What fisherman first toyed with the idea that it would be an excellent thing to stick large and small hooks in a man’s flesh? What blacksmith first raised his glowing tongs from the fire and was filled with the urge to crush his sister’s breast?…. Who first thought of employing all these useful objects to torture their fellow men to death?… And how can the bloody instruments of murder then return to the world of practical use?… One can still find tools in the Strandir district that today play an indispensable role in people’s lives but twenty-two years ago were used for unspeakable atrocities, like the men who wielded them. Augur, awl, shovel, ax, and spade, all turned to weapons in their hands.

I once heard Sjón talking about his thoughts on the fate of Caenis/Caeneus in The Whispering Muse. He was in Athens looking at the derelict temple of Poseidon where no one worshiped any longer. He then walked to the cliff top overlooking the sea and suddenly saw the sea as it came pouring toward the land, and saw what it would be like to be invaded by all that force, and power, the foam, the dark water, the endlessness. He remarked that people didn’t really imagine what being raped by Poseidon entailed, and then wrote a description that made sure, with his usual unflinchingness, that we did.

And yet, paradoxically, he creates a world in which nothing stays the same, everything is in flux, things shift shape and change their relations to each other.

At the end of From the Mouth of the Whale Jónas meditates at length on grotesque images in old manuscripts, and how these combine forms in new shapes—“a centaur here, an old woman with bird’s feet there, a three-headed dog.” This leads him into the nature of perception itself:

If one watches a river of lava, or clouds of steam or great torrents, or a field rippling in the wind, the eye and mind will not rest until they have tracked down familiar images in the flow….
The grotesques are just like those fleeting images that I myself have often perceived in smoke, lichen, or clouds….
Oh, those thousands of freaks and interwoven absurdities that invigorated me when I was stumbling my way through the thick volumes in the Museum Wormianum… One never knew where one creature began or ended… A goat’s hind legs might, on closer inspection, turn out to be the beginning of a flower stalk… But the stalk sprouted not petals but stork feathers, on top of which sat a cluster of butterfly wings… Nor was it certain whether the goat’s body was made of flesh, mineral, or vegetable… And even if one was fairly sure that the lower half of its body was made of marble, it was just as certain that blood flowed through its stony veins… Was the blood red and hot or green and cold? Everything grows from something else….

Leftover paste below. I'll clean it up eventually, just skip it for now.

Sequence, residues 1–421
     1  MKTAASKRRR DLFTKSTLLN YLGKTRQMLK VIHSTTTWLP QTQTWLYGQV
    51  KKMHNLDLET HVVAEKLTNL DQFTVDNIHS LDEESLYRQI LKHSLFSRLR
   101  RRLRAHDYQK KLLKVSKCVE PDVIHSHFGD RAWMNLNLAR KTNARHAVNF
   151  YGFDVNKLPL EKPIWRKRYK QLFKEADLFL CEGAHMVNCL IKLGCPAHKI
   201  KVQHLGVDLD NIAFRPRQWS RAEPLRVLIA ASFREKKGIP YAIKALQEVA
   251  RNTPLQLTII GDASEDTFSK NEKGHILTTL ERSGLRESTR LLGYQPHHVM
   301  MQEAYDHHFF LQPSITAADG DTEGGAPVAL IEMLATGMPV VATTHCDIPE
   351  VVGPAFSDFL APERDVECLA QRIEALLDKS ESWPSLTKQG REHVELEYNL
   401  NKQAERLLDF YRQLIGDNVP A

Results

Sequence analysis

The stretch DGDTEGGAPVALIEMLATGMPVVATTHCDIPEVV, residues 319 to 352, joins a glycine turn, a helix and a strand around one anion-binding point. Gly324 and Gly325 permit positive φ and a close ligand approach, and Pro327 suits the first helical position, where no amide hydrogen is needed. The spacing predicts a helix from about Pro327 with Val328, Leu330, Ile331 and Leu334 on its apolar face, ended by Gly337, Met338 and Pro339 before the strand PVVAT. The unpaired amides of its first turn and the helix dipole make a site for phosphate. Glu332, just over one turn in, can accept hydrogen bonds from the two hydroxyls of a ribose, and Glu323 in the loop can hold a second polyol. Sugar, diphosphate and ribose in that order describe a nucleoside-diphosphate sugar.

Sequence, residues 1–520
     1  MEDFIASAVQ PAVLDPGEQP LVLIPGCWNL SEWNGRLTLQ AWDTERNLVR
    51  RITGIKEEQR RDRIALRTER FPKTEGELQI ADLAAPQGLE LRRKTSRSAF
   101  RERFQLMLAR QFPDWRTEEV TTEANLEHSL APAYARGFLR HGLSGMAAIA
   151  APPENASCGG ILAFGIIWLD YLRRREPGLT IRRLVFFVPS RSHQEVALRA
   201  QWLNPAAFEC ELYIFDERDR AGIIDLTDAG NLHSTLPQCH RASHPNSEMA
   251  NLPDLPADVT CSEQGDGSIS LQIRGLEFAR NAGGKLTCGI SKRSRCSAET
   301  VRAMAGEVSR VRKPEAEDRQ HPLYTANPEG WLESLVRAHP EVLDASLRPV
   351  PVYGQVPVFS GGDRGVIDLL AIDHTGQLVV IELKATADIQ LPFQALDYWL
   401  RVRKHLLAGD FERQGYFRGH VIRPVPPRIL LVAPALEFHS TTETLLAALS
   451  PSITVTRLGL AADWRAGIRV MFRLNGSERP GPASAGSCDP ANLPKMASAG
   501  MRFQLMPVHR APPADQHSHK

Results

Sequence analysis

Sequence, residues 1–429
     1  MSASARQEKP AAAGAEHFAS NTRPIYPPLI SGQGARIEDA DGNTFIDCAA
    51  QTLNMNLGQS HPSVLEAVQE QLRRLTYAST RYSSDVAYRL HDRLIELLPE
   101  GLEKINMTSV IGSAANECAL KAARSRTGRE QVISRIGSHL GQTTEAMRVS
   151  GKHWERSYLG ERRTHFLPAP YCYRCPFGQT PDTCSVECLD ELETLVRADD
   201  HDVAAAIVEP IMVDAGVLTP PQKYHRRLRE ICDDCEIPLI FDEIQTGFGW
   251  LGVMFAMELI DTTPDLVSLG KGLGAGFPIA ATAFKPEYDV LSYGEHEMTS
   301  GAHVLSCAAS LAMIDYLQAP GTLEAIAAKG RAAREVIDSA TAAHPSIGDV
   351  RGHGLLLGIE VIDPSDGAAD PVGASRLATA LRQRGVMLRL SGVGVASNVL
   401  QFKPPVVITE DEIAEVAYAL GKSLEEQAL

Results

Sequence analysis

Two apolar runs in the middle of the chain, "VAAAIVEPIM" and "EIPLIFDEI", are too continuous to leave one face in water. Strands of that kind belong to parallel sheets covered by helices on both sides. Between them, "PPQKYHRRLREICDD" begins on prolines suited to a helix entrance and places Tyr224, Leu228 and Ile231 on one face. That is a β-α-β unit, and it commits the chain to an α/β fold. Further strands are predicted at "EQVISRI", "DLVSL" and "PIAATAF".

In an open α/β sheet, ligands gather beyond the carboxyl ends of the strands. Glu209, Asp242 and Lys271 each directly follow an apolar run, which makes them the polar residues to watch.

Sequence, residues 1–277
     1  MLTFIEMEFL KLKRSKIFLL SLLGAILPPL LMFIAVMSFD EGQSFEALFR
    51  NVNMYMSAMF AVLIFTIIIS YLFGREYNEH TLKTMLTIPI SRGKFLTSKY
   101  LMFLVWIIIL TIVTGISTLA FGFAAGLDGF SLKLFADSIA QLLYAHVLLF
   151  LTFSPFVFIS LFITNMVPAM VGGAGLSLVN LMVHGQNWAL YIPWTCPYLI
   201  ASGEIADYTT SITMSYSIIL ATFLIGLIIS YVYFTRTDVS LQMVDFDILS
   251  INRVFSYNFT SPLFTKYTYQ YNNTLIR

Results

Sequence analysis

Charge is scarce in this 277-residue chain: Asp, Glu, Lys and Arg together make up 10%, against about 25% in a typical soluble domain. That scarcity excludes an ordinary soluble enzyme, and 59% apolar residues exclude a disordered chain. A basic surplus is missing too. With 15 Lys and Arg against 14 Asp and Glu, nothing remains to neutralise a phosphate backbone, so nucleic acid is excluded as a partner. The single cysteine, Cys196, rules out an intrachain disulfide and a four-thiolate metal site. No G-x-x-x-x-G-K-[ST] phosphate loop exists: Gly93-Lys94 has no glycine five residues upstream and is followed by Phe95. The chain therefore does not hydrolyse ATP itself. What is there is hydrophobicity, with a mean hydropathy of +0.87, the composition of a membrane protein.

This is Sjón’s own way of proceeding, concrete things always shifting shape, metaphors becoming creatures and objects. In From the Mouth of the Whale, Jónas takes issue with the great master Snorri Sturlusson, who prescribed rigorous consistency in imagery:

A metaphor is thought to be well conceived if the notion that has been adopted is maintained throughout the verse. But if a sword is called a serpent, and later a fish or a wand,…people call it monstrous and regard it as spoiling the verse.

Snorri’s prescription leads to a kind of solid grandeur. But Jónas and Sjón desire quite the opposite:

Balderdash, I say, let the sword turn into an adder and the adder a salmon and the salmon a birch twig and the birch twig a sword and the sword a tongue…Let it all run together so swiftly that it cannot be separated again…

Iceland is a land of fierce contrasts, fire and ice. It is a land where real people believe in a matter-of-fact way that our visible world is interwoven with magic—a country in which the places are known where elves live and work. I have seen marked boulders where the doors to the other world are known to be. Sjón’s great variety of figures, simultaneously very solid and shape-changing and vanishing, are Icelandic, and beyond that European. He has changed the way I see things.